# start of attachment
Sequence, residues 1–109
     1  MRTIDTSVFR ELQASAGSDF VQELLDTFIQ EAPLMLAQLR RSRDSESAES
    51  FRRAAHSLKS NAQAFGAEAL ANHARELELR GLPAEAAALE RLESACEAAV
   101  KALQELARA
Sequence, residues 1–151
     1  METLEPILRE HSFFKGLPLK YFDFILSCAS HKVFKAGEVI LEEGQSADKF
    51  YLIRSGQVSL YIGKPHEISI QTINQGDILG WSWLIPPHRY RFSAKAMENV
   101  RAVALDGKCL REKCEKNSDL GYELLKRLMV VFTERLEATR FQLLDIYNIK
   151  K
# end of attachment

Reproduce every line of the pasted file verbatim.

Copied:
Sequence, residues 1–109
     1  MRTIDTSVFR ELQASAGSDF VQELLDTFIQ EAPLMLAQLR RSRDSESAES
    51  FRRAAHSLKS NAQAFGAEAL ANHARELELR GLPAEAAALE RLESACEAAV
   101  KALQELARA
Sequence, residues 1–151
     1  METLEPILRE HSFFKGLPLK YFDFILSCAS HKVFKAGEVI LEEGQSADKF
    51  YLIRSGQVSL YIGKPHEISI QTINQGDILG WSWLIPPHRY RFSAKAMENV
   101  RAVALDGKCL REKCEKNSDL GYELLKRLMV VFTERLEATR FQLLDIYNIK
   151  K